Time for something a little different from my usual Hong Kong content – a trip over to the ‘Mainland’ to tour the Beijing Subway.
The first section of the Beijing Subway opened in 1971, with 10 stations along 10.7 kilometres of tunnel.
The early parts of the network feature small boxy cut and cover tunnels.
With a rats nest of cables in the tunnel.
While the stations were Soviet style – island platforms flanked by columns.
Open to the tracks, without platform screen doors.
Murals facing waiting passengers.
Mezzanines looking down on the tracks.
And steps down to platform level.
In 1984 a second line opened, along with the first interchange station.
Steps linking the platforms to the transfer passageway.
These early subway lines are home of the oldest rollingstock, such as the DKZ4 trainsets from the 1990s.
But are being replaced by newer stock such as the DKZ16.
Where passengers can look through into the cab, and beyond into the tunnel.
In 2001 Beijing won the bid to host the 2008 Summer Olympics, accelerating plans to expand the Beijing Subway system.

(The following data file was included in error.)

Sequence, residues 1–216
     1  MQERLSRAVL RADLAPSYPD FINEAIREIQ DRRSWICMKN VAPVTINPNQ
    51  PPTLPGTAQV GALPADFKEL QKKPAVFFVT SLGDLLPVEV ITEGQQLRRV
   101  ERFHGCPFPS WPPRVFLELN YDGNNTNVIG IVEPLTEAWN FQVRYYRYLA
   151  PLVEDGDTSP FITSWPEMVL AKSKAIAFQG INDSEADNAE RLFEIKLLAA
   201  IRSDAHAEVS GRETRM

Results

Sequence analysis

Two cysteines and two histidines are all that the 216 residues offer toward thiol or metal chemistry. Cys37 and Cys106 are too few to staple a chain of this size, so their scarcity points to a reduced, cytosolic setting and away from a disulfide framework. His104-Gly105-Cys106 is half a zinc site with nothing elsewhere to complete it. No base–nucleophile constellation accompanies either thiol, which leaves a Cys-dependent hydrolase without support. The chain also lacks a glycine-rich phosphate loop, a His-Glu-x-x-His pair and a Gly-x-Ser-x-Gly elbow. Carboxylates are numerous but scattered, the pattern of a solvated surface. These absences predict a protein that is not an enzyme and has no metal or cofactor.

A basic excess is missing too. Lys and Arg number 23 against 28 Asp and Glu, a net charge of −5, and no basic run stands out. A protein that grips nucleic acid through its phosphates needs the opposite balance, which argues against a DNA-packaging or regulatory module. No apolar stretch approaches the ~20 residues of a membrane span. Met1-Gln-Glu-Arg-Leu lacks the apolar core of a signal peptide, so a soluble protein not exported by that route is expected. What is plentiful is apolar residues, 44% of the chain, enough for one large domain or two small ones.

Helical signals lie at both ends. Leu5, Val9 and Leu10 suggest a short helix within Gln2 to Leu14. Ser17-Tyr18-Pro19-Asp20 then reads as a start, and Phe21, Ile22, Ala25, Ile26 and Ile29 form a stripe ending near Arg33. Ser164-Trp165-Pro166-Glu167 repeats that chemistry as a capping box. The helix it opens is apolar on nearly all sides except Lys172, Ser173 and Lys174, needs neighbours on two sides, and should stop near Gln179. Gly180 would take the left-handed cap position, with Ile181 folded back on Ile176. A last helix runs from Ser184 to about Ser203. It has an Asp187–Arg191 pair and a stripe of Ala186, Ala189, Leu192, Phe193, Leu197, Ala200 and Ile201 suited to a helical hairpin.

With six lines in operation by 2008, all looking much the same.
With island platforms.
Platform screen doors.
And spacious concourses.
Further expansion from 2008 saw even more new lines open, expanding the network further.
Some new lines using elevated viaducts instead of tunnels.
And another line using double track bored tunnel.
And everywhere else
Before you enter the subway, you need to pass through a security check – all bags go through an x-ray machine.
This security check is actually on the Xi’an Metro
Once inside, fare collection is automated.
Ticket machines selling single-ride tickets and the Yikatong smartcard.
For use at the ticket gates.
Advertising can be found all over stations.
And even inside the tunnels.
Trains have longitudinal seating and multiple doors.
To handle the crowds.
And illuminated network maps to indicate where you currently are.
So that’s the tour – with 27 lines in operation as of 2022, it’d take some time to explore it all!
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